An in-depth exploration of Islam
Being objective about something as subjective as faith or religion is a seemingly insurmountable task. After all, the very idea of religion calls on humans to surrender their objectiveness to a certain extent and accept at face value ideas and concepts that have no rational explanation and very little basis in fact. One of the problems inherent in the study of religion is that source material cannot be described as objective as it is written by either advocates or detractors of the faith.
A convert to Islam at the age of 15, Michael Muhammad Knight has written about his explorations into his chosen faith in a series of fiction and non-fiction books: from African American branches of the religion in "Why I Am A Five Percenter", the Beats of the 1950s and their drug-induced perceptions of Islam in "William S Burroughs Vs The Qur'an" and all points in between. However, none of them have delved as deeply into an analysis of the history and tenets of what being a Muslim is as his new book, "Why I Am A Salafi", published by Soft Skull Press.
Knight's reputation as the inspiration behind Taqwacore (punk Islam) and his writings about using drugs to bring him closer to his God, might make some wonder at this book's title. After all, in recent years, the Salafi have come to be associated with fundamentalist Islam and by extension, extremist groups. Knight's first explanation of the title is typical of his iconoclastic attitudes: the Salafi are now considered outside the mainstream of the faith and since he's always been associated with those outside looking in, maybe this is where he belongs.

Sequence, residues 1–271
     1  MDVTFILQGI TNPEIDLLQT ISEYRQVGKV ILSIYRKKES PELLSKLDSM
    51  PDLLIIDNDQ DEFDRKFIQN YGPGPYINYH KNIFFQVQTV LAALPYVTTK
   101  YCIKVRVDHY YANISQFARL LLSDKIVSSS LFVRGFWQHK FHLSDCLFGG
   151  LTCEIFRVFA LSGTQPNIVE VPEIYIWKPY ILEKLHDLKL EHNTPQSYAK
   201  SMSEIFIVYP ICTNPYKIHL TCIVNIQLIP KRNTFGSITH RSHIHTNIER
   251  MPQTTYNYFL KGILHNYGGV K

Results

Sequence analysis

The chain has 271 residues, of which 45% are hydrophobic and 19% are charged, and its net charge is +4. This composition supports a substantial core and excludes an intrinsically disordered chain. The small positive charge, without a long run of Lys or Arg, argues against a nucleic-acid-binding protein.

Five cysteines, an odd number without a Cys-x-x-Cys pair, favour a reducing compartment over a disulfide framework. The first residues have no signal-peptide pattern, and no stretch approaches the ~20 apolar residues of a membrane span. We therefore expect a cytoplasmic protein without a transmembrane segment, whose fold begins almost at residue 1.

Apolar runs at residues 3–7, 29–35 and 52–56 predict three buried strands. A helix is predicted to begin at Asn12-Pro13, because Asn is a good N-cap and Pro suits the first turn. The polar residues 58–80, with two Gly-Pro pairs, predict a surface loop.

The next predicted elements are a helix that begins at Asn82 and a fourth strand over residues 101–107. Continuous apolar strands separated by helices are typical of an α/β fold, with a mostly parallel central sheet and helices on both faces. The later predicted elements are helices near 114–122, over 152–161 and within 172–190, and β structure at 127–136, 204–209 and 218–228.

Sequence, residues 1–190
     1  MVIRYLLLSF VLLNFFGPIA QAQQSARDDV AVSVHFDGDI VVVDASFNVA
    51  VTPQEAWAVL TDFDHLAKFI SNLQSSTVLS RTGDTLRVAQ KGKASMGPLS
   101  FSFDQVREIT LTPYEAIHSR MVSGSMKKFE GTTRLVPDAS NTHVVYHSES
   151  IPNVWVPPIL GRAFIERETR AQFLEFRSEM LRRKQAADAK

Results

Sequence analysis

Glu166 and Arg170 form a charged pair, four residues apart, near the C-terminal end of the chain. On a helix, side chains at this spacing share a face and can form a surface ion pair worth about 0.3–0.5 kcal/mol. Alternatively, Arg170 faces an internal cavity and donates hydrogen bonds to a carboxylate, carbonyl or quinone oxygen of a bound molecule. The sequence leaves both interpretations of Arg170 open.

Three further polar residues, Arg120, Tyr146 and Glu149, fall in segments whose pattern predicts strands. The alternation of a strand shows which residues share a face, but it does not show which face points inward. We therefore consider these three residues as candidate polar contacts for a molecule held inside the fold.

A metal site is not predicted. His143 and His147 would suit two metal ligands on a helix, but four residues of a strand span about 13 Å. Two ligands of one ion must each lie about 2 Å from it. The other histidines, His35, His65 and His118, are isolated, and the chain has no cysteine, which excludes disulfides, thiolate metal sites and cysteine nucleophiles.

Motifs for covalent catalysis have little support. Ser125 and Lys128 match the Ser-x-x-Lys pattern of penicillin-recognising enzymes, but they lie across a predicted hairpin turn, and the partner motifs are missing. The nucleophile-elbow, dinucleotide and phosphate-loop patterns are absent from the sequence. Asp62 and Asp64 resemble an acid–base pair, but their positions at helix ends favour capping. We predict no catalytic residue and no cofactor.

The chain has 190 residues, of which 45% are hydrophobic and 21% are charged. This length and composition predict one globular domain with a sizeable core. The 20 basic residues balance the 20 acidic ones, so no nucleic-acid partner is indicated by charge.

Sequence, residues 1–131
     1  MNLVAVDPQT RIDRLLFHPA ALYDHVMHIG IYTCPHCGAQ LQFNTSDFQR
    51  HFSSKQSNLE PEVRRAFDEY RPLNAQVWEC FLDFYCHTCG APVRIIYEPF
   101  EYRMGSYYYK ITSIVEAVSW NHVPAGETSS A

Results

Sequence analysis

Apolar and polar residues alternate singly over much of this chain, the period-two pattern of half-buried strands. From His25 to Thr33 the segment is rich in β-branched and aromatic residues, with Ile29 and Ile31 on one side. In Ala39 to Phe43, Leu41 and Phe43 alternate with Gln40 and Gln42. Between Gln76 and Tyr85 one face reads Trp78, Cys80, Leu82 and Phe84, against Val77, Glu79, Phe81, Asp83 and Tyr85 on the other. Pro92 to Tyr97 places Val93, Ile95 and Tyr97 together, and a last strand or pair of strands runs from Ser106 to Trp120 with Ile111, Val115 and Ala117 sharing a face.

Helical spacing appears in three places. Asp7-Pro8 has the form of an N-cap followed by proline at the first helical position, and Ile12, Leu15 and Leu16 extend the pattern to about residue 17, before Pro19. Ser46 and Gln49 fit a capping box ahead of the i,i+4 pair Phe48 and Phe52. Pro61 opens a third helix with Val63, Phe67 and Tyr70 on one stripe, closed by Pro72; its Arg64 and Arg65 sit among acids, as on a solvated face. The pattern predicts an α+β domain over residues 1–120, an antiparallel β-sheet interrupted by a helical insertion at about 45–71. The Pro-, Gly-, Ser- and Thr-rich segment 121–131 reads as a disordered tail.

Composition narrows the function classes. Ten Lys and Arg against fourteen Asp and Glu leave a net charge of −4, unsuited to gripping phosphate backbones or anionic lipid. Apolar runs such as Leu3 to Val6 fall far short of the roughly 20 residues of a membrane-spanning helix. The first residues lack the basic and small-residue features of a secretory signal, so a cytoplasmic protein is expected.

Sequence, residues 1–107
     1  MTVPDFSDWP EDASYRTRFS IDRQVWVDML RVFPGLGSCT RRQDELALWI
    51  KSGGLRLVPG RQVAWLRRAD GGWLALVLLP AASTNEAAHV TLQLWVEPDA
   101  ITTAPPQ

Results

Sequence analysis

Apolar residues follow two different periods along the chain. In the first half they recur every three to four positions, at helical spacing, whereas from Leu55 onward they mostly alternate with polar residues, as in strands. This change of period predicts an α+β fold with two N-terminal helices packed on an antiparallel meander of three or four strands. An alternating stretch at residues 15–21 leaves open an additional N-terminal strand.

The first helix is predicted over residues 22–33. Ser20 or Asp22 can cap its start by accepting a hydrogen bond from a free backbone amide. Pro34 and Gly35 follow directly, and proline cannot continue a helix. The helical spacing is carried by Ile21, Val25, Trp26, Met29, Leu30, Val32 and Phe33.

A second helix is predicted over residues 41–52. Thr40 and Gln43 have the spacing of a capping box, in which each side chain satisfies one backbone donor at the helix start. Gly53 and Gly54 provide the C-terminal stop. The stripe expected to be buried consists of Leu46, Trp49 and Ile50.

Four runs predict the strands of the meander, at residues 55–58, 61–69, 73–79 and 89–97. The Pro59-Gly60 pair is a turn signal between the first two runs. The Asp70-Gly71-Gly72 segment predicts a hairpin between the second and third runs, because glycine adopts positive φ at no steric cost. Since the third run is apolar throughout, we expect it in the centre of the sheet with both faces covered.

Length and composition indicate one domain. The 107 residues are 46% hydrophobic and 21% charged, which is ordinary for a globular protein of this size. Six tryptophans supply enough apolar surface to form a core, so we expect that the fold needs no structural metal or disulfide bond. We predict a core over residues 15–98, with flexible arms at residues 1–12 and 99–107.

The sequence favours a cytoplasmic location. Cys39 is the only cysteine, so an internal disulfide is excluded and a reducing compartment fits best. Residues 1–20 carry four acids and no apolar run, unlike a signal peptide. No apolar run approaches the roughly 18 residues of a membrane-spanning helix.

However, the reality is far different from his almost flippant explanation. As he explains, the Salafi look to the first three generations of Islam, known as The Companions of The Prophet Muhammad, The Followers of The Companions and The Followers of The Followers, as the authority on the life and actions of the Prophet. The observations of these first three generations have been compiled, down to the minutest detail of the Prophet's day-to-day life, in a massive collection of works known as the Hadith.